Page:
Back to The Game of Chess...
This essay will focus exclusively on chess, chesspieces, and people. However abstract as it is, it will reflect on what precisely happens while a human player goes about playing chess.
While the modern game has run away with embellishments to the "back row" characters, the original chatrang featured the pawn. The game's rules were simple enough that the pawn was almost a principal piece. Pawns could cluster and trap other pieces more effectively in their large numbers.
In chess, each piece carries some weight. The French ambassador Foix noted that "If we lose a Pawn it seems a small matter; but the loss often brings with it that of the whole game." (1) The possibilities in chess are such that a single pawn can determine an entirely different flow in the course of the game. Although we have previously seen an overriding medieval hierarchy, consider that a pawn may save a king or take a knight or rook. So even a smart pawn can lead to victory!
The other side of the story is that a pawn is a bargaining chip. The player throws his pawns at the enemy to take more significant pieces. The king is not so powerful without his lowly pawns, but this possibility is always there.
As a result, the pawn is almost always an undistinguished piece. Which is a shame, in light of the above. Crucially, however, the pawn is a mere tool in the course of winning the game. Henceforth and forever, the pawn is a figure without agency. Extended further, the pawn is at the will of authority.
Except for the king, of course. Playing chess, you transcend your existence as a pawn and momentarily get to be king.
John Locke's Essay Concerning Human Understanding cites a common theme that although the figures live out their duties on the chessboard, most of the time they are thrown into a bag and stored together. Tragically, this became a metaphor for the human condition.
In a sense, we are each drawn from the bag to play out our certain role and follow the rules that have been deigned to us by the world. At the end of the game, everybody - from king to pawn - is thrown into the same receptacle (which to many serves as the afterlife). This of course has certain implications: 1) that life and fate are random, 2) that we are bound to serve our duty, and 3) that we are all equal in death. The last point was extended to imply that one not seek to change his or her status during his or her lifetime, thus serving the narrative nobles created for feudal society. And although chess later became a democratizing factor (as will follow), even up to Locke's Enlightenment this view was meant to silence the masses.
If you've ever seen a human chess match, you can see the metaphor lives on. We are all players on the stage, or equally, on the chessboard. Remaining today is the human feeling that some greater influence and or rule-set is in charge.(2)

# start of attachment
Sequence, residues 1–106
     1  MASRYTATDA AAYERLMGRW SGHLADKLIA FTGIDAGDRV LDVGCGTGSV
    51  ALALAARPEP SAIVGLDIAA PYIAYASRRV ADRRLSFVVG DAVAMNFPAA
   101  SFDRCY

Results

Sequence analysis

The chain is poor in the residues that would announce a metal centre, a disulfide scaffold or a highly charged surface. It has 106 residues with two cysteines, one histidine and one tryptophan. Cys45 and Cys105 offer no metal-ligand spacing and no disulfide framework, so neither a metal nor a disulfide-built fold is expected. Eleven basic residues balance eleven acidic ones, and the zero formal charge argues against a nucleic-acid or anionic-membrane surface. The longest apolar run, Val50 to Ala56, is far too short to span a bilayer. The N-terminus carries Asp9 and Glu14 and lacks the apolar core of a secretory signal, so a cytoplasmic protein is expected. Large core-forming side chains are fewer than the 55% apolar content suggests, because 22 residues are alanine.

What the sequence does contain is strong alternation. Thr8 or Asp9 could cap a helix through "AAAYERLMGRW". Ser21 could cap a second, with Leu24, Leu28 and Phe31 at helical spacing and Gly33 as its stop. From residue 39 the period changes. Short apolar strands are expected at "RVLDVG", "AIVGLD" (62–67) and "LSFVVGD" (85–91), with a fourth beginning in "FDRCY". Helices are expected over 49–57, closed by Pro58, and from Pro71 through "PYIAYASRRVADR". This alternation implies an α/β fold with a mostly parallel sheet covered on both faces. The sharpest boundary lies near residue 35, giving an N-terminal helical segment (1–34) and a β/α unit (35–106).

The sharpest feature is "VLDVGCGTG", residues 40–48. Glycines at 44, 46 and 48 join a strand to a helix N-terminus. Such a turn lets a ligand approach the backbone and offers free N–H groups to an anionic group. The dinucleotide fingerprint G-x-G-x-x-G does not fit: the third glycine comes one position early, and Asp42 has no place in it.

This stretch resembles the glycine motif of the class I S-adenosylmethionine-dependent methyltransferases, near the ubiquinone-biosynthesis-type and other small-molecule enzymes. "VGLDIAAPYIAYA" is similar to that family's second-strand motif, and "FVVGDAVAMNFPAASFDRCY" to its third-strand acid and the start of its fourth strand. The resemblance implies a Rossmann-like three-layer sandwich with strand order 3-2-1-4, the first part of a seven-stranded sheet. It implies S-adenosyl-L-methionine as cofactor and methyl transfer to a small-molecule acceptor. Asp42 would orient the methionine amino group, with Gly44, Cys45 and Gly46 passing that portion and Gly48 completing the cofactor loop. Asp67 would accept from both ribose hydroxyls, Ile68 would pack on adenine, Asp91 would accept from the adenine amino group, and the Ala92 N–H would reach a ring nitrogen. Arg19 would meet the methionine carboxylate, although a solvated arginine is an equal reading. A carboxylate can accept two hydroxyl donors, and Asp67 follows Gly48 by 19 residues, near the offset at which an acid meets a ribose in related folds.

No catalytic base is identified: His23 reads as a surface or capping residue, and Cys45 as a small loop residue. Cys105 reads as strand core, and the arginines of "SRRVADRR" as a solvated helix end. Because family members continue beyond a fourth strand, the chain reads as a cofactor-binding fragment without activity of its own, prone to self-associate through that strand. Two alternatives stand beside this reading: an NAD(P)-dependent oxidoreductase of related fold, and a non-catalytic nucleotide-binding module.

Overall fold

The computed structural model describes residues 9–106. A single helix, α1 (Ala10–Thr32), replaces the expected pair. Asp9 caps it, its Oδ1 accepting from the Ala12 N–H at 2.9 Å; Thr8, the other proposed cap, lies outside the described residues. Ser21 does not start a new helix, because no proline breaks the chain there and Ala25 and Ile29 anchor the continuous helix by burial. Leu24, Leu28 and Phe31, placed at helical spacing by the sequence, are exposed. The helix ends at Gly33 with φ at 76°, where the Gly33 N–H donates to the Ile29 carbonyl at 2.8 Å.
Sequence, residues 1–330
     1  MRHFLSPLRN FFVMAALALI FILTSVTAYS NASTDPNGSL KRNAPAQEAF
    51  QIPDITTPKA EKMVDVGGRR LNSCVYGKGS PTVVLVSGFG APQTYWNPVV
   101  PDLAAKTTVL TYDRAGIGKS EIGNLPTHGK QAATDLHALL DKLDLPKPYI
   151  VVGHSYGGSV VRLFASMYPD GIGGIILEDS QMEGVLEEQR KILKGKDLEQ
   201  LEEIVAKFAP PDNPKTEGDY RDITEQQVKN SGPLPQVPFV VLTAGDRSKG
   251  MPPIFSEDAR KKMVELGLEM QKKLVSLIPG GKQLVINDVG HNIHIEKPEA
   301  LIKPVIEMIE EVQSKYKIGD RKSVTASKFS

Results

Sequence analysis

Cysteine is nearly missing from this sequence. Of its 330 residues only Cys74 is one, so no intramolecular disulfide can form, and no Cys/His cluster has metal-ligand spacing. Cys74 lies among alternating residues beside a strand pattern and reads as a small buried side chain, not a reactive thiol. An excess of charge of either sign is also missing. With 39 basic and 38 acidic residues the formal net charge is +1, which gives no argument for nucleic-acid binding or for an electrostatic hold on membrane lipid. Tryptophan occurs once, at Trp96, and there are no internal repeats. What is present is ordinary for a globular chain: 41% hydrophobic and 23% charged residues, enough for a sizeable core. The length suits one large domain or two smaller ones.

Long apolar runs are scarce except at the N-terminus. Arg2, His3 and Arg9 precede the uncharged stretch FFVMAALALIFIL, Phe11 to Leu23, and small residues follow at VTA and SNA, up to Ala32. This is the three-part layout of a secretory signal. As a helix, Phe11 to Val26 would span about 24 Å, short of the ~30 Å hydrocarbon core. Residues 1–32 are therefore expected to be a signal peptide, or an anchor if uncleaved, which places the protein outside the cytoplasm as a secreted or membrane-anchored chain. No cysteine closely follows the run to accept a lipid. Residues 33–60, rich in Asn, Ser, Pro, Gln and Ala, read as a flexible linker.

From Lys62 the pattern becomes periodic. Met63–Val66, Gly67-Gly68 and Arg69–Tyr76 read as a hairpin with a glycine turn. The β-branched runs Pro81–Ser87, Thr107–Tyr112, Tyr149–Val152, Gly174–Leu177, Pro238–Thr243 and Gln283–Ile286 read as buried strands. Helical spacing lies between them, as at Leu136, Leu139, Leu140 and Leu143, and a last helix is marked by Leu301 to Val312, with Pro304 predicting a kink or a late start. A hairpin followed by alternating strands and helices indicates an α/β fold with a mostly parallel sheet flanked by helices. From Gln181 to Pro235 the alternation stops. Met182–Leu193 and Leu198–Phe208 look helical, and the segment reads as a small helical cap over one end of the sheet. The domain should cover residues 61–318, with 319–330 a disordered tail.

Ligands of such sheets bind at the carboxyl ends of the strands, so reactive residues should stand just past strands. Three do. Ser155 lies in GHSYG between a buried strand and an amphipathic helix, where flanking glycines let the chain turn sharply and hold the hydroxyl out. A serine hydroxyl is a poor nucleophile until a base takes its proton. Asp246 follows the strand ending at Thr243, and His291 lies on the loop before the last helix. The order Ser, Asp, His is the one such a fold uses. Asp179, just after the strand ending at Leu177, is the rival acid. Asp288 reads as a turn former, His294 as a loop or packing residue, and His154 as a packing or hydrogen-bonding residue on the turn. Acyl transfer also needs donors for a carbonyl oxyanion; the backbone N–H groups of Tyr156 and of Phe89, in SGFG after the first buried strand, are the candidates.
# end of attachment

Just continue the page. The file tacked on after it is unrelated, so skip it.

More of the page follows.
Chess is constant with regards to occupation. It solidifies certain roles in the codification of its pieces - the royalty, bishop, knight, rook, and pawn. In effect, the game might be hard to coalesce with a contemporary narrative on occupation. Regardless, the game reflects a constant construction of borrowed monarchical traits from the Indian caste system, to the Persian kings, to the medieval.
With these categories, it may be seen that indirectly every person is under the influence of some king and/or queen. The wide category of the pawn seems to swallow the recently developed positions of scientist or philosopher - effectively homogenizing classes of no external authority. Those powers that are emphasized are the king and queen (dictatorial and social authority), the bishop (religious), and war-making (rook = chariot, knight). Chess would imply that all other pursuits serve the aims of these greater authorities in reality. They are not the sources of agency in chess.
The queen did not gain her advanced movements until the 15th century. During the Persian/Indian play of the game, the piece in the queen's place was an underpowered minister to the king. While the exact reason for the change is unknown, it probably has to do in part with 1) the increased play of female scholars in the game and 2) the adoption of chess as a pastime for courtly love.
During medieval times, the role of the female was increasing, as disputes between kingdoms often rested on familial ties. In the Renaissance, we also witnessed women becoming monarchs in their own right. Thus, the game became a sort of narrative on sexual equality. Thomas Middleton's, A Game at Chess, describes a royal wedding fracas in terms of chess - and indeed, even domestic disputes could be modeled through chess. Perhaps, it is suggested, the strength of the queen piece was used as a ploy to bring Renaissance women to the table. Rather than play to win, courtiers would attempt to complement women on their chess games. It is no doubt why, during this time period, that there emerged books that described how to make moves based on a dice roll instead of by cunning intelligence.(3)